Sunday, April 29, 2007

Beam Me Up

Okay, I've got some news for you, and I'm going to break it to you reeeeaaaal slow-like, so's you have sufficient time to absorb its fundamental truths:

It's a TV show, people.

THEY had gathered before dawn for the spectacle and in the end they got the promised "fiery streak across the sky".

And all were agreed - Trekkies, anxious relatives and the gathered ranks of the media - that last night Scotty the Scottish engineer from Star Trek got the send-off he deserved.

To cheers and wild applause you would not normally expect at a service for the dead, Spaceloft XL - with the ashes of James Doohan, the Irish Canadian actor who played Montgomery "Scotty" Scott in the cult space series, and the remains of 199 fellow "astronauts" took off on a perfect New Mexico morning.

Okay, dude, follow along with me. James Doohan was an actor. He portrayed a fictional character on a TV show, a show which lasted three seasons, was cancelled thirty-five years ago, and spawned a few movies of modest import and entertainment value. It's not real. William Shatner is not really the captain of a starship. In fact, there is no actual starship. It's a model. There are no "Klingons", except when you wipe your butt improperly.

Scotty became best known for the catchphrase, "Beam me up, Scotty," even though it was never actually uttered during the programme by James T Kirk, the captain of the Starship Enterprise.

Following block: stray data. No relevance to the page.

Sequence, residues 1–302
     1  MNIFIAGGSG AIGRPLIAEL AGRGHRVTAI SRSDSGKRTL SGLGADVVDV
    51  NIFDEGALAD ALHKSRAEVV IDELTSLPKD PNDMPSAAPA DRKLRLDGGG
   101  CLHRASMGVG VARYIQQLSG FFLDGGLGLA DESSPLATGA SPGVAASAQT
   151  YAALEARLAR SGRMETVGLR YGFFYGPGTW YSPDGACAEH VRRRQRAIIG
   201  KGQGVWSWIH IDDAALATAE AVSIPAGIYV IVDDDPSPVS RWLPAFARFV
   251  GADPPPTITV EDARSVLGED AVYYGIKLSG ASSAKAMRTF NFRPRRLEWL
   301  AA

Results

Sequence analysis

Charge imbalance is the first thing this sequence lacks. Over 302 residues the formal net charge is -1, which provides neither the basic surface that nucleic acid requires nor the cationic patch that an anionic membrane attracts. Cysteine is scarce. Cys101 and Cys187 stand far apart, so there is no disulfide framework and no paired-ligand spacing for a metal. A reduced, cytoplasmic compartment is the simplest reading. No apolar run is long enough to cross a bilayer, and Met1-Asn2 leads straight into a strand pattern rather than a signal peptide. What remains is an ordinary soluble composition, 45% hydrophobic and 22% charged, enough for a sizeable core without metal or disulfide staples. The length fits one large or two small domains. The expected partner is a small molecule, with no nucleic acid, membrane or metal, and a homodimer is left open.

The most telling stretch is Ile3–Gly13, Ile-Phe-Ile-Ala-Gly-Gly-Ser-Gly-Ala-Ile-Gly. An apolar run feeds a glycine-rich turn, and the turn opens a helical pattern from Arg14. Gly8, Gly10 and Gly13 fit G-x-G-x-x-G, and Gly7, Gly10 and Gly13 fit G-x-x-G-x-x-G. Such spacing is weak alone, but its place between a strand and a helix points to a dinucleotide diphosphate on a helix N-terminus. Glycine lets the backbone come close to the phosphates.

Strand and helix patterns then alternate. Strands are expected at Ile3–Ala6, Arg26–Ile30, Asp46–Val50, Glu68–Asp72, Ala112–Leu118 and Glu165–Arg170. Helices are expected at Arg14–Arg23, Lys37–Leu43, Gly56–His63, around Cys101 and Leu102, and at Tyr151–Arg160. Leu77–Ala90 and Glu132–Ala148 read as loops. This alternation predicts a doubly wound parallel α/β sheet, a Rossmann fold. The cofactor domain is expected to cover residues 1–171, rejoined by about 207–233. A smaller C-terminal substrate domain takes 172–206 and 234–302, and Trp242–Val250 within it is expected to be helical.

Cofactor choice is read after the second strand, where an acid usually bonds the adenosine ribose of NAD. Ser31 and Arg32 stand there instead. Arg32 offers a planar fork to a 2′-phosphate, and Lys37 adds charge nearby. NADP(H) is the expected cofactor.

Pretty much says it all, that a guy can be most well-known for a phrase that was never uttered. I loves me some collective psychosis.

Jesus, move out of your parents' basements already and get laid. Preferably with human women; putting an Uhura tunic on your inflate-a-date does not count.


Anonymous said...

It's kinda like another cancelled show: a Jewish dissident who wandered around for a mere three years, got "cancelled" with extreme prejudice by Roman entertainment execs, but now has more (and more rabid) followers than Star Trek.

Of course, nobody (yet) has killed/subjugated anybody in the name of James Tiberius Kirk. Given the two faiths, I know which one makes me feel all warm and fuzzy.

Even w/o an Uhura tunic.

Heywood J. said...

Oh yeah, as cults go, Trekkers are about as benign as Sufis or monastic Buddhists, no question about it. They've certainly never tried to impose their beliefs on anyone else, which deserves some credit.

I just like giving them a hard time whenever I get the chance. One of my favorite SNL skits was the one where Shatner's at a convention and comes unglued at all the obsessive questions. Classic.

And of course, the 30th anniversary of Star Wars is coming in a few weeks, so look for more obsessive nerd silliness.